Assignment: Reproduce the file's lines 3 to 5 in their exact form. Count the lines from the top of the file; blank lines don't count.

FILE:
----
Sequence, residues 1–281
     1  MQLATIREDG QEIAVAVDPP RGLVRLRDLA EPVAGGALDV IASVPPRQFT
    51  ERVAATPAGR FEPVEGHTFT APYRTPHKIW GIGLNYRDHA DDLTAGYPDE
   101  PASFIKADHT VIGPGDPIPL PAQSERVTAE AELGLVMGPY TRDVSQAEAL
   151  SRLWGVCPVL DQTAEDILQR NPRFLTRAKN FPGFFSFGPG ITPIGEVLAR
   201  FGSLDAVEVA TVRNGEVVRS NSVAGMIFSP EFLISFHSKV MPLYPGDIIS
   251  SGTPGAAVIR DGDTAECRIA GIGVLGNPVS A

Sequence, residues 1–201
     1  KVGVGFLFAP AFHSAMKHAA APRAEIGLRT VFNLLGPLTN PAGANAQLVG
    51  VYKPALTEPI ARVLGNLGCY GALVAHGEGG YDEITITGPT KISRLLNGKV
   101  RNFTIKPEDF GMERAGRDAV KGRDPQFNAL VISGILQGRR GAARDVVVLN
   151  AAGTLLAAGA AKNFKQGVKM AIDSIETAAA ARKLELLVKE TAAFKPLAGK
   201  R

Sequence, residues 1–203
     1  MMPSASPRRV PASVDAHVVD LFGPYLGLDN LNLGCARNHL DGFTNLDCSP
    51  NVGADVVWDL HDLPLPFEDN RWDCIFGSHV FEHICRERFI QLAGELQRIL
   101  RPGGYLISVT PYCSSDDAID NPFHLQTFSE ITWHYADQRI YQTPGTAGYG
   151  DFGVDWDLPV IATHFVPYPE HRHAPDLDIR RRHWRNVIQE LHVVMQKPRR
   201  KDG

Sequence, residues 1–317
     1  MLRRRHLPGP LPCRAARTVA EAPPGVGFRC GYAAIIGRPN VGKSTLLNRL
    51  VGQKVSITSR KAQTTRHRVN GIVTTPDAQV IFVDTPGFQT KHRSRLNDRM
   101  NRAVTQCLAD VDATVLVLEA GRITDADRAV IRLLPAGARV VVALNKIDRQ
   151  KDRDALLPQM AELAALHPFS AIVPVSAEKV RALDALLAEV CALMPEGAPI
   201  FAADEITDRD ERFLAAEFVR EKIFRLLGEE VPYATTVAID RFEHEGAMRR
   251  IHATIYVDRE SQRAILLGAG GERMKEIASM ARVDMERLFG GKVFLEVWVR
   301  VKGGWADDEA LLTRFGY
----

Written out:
    51  ERVAATPAGR FEPVEGHTFT APYRTPHKIW GIGLNYRDHA DDLTAGYPDE
   101  PASFIKADHT VIGPGDPIPL PAQSERVTAE AELGLVMGPY TRDVSQAEAL
   151  SRLWGVCPVL DQTAEDILQR NPRFLTRAKN FPGFFSFGPG ITPIGEVLAR